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Abstract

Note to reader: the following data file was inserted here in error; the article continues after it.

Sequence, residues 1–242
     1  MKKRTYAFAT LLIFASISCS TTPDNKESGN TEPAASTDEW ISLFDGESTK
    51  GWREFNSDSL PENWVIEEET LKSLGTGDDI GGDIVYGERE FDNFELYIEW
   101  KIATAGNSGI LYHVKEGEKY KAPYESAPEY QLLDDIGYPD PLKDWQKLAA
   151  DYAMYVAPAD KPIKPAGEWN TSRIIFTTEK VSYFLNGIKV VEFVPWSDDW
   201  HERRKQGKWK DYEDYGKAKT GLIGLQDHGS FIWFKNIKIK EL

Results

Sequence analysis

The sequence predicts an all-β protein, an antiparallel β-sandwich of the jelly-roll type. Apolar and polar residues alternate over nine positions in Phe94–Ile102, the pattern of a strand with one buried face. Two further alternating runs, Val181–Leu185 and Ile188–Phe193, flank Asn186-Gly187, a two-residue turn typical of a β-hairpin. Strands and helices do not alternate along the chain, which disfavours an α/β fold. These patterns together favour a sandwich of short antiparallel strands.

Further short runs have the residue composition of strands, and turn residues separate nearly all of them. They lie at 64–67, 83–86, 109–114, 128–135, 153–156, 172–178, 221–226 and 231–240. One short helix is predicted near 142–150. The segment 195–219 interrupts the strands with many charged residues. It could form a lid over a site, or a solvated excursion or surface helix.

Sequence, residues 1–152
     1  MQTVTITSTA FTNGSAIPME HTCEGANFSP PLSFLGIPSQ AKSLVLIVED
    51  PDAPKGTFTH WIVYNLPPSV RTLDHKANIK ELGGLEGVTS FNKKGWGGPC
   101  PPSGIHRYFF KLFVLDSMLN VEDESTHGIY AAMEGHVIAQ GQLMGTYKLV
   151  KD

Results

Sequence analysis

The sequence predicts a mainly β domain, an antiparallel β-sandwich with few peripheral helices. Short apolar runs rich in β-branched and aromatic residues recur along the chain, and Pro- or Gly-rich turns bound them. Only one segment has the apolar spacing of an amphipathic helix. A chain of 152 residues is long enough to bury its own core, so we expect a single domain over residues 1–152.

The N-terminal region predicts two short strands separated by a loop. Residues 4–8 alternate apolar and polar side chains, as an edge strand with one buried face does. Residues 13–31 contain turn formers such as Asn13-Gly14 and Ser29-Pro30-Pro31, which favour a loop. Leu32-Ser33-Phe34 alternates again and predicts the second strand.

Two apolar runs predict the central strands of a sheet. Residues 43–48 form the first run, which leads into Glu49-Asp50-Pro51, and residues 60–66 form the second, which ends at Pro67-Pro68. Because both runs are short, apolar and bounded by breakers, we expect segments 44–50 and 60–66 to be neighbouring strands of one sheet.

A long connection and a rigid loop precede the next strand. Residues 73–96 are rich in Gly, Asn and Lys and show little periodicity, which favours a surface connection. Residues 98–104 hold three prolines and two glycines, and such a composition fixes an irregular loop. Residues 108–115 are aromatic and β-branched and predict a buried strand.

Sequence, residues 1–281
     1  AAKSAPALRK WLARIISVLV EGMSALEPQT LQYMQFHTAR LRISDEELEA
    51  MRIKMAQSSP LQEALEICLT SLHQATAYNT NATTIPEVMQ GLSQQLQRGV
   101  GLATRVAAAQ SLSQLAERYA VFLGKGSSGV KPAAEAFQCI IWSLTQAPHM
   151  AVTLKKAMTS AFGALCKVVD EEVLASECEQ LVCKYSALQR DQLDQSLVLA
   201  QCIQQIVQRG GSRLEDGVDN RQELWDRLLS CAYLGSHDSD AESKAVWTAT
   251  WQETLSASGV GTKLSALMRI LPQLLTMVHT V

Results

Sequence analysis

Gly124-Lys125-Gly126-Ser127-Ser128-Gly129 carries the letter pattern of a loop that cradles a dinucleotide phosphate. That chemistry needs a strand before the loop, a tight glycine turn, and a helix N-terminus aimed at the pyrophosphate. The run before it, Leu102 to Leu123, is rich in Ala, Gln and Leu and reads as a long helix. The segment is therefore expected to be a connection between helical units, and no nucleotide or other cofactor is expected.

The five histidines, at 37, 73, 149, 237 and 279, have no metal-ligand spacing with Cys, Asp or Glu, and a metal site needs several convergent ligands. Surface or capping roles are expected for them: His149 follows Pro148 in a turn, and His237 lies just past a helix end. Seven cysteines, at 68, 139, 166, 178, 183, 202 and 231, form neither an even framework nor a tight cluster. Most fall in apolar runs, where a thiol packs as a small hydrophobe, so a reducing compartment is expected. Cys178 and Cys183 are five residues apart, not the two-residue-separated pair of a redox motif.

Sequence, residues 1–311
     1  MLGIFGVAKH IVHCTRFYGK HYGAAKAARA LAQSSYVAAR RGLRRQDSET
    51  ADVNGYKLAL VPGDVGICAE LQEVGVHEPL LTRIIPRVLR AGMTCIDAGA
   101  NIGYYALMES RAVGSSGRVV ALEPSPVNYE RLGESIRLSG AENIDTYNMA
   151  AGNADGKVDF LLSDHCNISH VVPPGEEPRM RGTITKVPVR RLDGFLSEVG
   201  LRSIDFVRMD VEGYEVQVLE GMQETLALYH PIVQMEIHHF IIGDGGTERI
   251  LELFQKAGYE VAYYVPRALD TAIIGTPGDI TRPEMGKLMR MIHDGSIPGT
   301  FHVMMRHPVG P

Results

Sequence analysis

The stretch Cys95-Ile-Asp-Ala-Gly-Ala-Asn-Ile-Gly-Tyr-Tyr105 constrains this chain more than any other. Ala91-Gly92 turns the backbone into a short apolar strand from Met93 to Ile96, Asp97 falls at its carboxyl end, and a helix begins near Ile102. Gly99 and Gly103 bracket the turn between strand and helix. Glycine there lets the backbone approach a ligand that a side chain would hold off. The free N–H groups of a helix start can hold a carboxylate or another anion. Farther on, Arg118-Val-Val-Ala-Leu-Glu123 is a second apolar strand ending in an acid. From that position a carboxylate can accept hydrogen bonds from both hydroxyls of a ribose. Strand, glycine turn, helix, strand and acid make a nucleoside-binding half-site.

This study investigated the influence of exposure to a tornado disaster and disaster-related posttraumatic stress disorder (PTSD) symptomatology on physical health complaints and primary health care utilization among rural medical patients. One-hundred five patients completed self-report measures assessing disaster exposure, PTSD symptoms, and self-reported physical health complaints. Objective rates of health care utilization were gathered by a review of medical records. Tornado disaster exposure and generalized psychological distress were associated with physical health complaints one year following the disaster. After controlling for age, gender, and levels of predisaster health care utilization, PTSD Cluster C (avoidance) symptoms were associated with increased rates of postdisaster health care utilization. Implications of these findings for interventions within the medical system are discussed.